2. Our Brand Is Crisis (2015): Sandra Bullock and Billy Bob Thornton are both excellent in this unfairly maligned political satire about two feuding spin doctors tearing metaphorical lumps out of each other during a presidential election in Bolivia. 
3. Arabian Nights Volume 1: The Restless One (2015): First part of Miguel Gomes's trilogy of films which satirically and polemically explore modern-day, austerity-hit Portugal using the famous Arabian Nights tales as their inspiration. Here we meet a cockerel put on trial for his early-morning squawking and a group of permanently tumescent bankers.
4. Fast Times At Ridgemont High (1982): Amy Heckerling's high school comedy is very of its time, with the likes of Sean Penn, Jennifer Jason Leigh and Judge Reinhold doing their best with a script full of the usual sex, drugs and rock'n'roll teen misbehaviour. Still a lot of fun though.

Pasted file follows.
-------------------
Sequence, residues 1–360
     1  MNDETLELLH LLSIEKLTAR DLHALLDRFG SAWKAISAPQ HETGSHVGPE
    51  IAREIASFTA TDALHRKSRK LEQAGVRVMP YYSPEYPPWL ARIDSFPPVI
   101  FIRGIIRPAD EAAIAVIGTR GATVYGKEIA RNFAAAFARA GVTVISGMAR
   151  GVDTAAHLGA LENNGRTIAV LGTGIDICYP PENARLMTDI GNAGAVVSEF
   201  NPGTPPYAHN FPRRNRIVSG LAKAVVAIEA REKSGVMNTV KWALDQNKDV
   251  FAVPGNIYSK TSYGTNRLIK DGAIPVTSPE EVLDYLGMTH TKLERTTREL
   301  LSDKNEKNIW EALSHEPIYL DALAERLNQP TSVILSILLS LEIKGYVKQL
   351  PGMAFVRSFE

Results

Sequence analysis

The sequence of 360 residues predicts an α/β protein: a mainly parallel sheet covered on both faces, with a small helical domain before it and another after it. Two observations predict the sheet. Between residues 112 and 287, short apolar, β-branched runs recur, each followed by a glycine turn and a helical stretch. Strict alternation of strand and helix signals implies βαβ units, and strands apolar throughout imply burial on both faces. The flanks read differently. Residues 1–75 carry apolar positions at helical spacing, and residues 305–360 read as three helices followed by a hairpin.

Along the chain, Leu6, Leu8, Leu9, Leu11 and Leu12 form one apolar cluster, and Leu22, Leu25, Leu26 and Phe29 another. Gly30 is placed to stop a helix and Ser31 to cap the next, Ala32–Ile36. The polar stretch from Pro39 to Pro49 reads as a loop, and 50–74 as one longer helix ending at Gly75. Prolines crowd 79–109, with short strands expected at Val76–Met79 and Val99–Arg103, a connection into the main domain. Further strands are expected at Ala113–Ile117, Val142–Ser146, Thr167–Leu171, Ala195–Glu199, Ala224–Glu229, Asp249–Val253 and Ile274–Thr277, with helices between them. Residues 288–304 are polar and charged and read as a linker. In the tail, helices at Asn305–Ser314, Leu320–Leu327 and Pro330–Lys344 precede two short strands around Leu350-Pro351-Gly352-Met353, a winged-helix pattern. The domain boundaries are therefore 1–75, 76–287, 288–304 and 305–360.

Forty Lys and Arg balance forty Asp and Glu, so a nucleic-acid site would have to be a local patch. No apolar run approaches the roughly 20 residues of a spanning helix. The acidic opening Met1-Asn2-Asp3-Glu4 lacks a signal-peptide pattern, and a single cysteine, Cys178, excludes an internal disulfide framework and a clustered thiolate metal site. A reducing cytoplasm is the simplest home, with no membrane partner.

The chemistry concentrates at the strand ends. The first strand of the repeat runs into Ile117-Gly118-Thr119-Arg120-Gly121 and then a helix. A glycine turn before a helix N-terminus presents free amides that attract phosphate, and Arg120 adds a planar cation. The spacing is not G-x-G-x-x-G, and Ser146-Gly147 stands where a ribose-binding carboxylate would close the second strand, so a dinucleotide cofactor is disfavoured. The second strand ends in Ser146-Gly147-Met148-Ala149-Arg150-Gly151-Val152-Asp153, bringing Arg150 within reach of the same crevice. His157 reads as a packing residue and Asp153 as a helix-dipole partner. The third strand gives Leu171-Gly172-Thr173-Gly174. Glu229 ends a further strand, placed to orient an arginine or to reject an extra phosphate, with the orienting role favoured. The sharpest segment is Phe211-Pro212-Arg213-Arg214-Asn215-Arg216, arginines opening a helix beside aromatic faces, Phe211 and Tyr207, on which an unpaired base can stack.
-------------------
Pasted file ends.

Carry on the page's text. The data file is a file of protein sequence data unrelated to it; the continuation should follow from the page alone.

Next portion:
5. Warcraft: The Beginning (2016): Duncan Jones' long-awaited adaptation of the fantasy online role-playing game is unwieldy and silly at times, but ultimately just about transcends its Dungeons & Dragons/Lord Of The Rings influences to deliver a pretty solid summer blockbuster. 

Youth: A tragicomic meditation on old age and regret

UK Top 10 box office
1. X-Men: Apocalypse R
2. Alice Through The Looking Glass
3. Angry Birds
4. Money Monster
5. The Jungle Book R
6. Captain America: Civil War R
7. Bad Neighbours 2
8. Love And Friendship
9. Secret Cinema: 28 Days Later
10. Minuscule: Valley Of The Lost Ants

R = Recommended

All information correct at time of publication